Follow this link to the Division of Biological and Medical Physics Homepage

The Bosenberg Lab: The Bosenberg Lab at the Yale School of Medicine performs research in the field of Dermatopathology. Their development of several transgenic mouse models of malignant melanoma have opened avenues of research into the origins, diagnosis and treatment of the disease. The Engelman Lab is collaborating with the Bosenberg Lab in an effort to adapt both traditional and novel therapeutic agents for the treatment of malignant and metastatic lymphoma through pHLIP delivery.

Follow this link to the Bosenberg Lab Homepage

The Braddock Lab: The Braddock Lab at the Yale School of Medicine is leading research in the antitumor properties of human phosphodiesterases. The Engelman Lab is collaborating with the Braddock Lab to couple the tumor targeting activity of pHLIP with the nove antitumor activities of ceratin phosphodiesterases.

Follow this link to the Braddock Lab Homepage

The DiMaio Lab: The DiMaio Lab at the Yale Medical School performs reasearch investigating the transforming effects of tumor viruses and the insights these give into mechanisms of cell growth control. The Engelman Lab is collaborating with the DiMaio Lab to investigate binding interactions between transmembrane peptides. Using the Bovine Pappiloma Virus E5 protein as a model the Dimaio Lab has identified short transmembrane peptides that are capable of transforming cells by inducing growth factor-independent dimerization and activation of the PDGF-beta receptor. We are currently collaborating in an effort to investigate this activity through Molecular Dynamics simulations of transmembrane peptide interactions.

Follow this link to the DiMaio Lab Homepage

The Glazer Lab: The Glazer Lab at the Yale Medical School performs research in the fields of cancer molecular biology and gene therapy. The Engelman Lab is collaborating with the Glazer Lab in an effort to treat tumors through pHLIP delivery of therapeutic peptide nucleic acids targeting oncogenic microRNAs.

Follow this link to the Glazer Lab Homepage

The Lewis Lab: The Lewis Lab at the Memorial Sloan-Kettering Cancer Center performs research aimed at advancing PET imaging techniques for the diagnosis and treatment of cancer. The Engelman Lab is collaborating with the Lewis Lab to adapt the tumor-targeting activity of pHLIPs for applications in diagnotic imaging and radiotherapy of cancer.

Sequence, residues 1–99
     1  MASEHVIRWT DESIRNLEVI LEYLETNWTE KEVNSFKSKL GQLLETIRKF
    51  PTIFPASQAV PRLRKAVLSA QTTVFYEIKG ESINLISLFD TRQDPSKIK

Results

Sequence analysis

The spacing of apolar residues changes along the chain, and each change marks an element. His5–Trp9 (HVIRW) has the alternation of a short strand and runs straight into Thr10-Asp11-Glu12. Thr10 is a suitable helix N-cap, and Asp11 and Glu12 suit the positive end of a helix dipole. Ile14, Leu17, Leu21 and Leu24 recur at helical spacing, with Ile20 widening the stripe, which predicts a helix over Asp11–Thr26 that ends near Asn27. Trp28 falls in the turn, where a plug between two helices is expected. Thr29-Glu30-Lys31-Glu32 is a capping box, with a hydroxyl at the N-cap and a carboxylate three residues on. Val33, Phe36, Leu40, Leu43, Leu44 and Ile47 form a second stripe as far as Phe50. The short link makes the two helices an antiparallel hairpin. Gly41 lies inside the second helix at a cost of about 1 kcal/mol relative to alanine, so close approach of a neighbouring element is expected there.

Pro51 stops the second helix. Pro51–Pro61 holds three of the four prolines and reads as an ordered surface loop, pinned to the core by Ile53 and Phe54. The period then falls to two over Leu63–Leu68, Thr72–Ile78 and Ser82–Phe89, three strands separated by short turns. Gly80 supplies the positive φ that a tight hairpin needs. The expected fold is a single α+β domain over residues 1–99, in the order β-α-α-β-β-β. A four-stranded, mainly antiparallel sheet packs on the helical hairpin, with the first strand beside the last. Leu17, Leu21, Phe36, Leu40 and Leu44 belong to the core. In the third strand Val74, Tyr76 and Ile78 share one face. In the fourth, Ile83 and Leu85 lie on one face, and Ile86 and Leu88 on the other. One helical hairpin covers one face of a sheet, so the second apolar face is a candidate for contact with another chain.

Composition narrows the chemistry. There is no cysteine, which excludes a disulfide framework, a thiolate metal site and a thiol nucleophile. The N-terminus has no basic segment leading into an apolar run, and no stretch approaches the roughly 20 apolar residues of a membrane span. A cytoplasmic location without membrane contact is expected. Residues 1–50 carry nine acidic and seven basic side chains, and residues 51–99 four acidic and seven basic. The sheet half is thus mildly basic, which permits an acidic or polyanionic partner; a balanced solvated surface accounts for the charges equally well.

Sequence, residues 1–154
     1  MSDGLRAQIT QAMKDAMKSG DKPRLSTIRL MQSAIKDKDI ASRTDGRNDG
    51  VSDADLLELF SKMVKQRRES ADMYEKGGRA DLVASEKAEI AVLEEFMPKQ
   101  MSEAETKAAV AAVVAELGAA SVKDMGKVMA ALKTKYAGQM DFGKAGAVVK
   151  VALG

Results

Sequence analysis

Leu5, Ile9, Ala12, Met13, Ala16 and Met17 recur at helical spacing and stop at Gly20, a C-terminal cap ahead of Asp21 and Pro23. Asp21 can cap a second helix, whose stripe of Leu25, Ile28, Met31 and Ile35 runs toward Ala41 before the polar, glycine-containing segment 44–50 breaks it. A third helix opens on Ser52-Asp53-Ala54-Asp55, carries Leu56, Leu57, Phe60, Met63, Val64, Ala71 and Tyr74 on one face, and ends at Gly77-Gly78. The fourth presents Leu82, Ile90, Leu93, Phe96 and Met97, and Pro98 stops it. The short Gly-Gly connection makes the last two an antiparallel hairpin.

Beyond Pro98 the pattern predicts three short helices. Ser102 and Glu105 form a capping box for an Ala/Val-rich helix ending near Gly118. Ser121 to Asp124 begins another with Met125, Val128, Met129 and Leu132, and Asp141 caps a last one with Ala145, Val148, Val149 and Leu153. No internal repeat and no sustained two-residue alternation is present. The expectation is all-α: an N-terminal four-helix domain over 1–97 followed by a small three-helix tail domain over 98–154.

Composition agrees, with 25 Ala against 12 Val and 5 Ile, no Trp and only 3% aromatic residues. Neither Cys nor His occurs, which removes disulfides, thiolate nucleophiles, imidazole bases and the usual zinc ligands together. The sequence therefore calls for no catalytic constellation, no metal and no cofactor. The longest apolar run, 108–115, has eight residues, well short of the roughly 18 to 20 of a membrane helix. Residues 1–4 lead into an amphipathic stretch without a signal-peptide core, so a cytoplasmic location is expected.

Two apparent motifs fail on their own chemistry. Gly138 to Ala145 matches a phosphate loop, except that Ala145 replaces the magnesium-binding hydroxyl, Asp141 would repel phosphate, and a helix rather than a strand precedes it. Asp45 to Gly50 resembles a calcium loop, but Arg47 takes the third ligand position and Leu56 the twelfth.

Follow this link the the Lewis Lab Homepage

The Saltzman Lab: The Saltzman Lab in Yale's Department of Biomedical Engineering performs research using bio-compatible polymer materials to improve the delivery and control the release of therapeutic agents in the body. The Engelman Lab is collaborating with the Saltzman Lab in an effort to couple the encapsulation and controlled release of drugs using nanoparticles with the tumor-targeting activity of pHLIPs.

Follow this link to the Salzman Lab Homepage

The Sinusas Lab: The Sinusas Lab at the Yale School of Medicine is a leading figure in cardiac imaging technologies. The Engelman Lab is collaborating with the Sinusas Lab to investigate pHLIP targeting of ischemic tissues for potential diagnostic or therapeutic applications.

Follow this link the the Sinusas Lab Homepage

The Slack Lab: The Slack Lab in the Yale Department of Molecular Cellular and Developmental Biology are investigating the role of ongcogenic microRNAs (onco-miRs) in cancer. The Engelman Lab is collaborating with the Slack Lab to test pHLIP-delivered petide nucleic acid therapeutics targeting onco-miRs in a mouse model of disseminated lymphoma.

Follow this link to the Slack Lab Homepage

The Spiegel Lab: The Spiegel Lab in the Yale Department of Chemistry is a leader in the field of synthetic immunology with expertise in both immunobiology and synthetic chemistry. The Engelman Lab is collaborating with the Spiegel Lab in an effort to use pHLIPs to decorate cancer cells with agents to recruit the immune response to tumors, in vivo. Collaborative efforts are also underway to adapt pHLIPs for the intracellular delivery of chemotherapeutic agents.

Follow this link to the Spiegel Lab Homepage

Updated - May 2014

Yale University

Department of Molecular Biophysics and Biochemistry
Center for Structural Biology
Yale University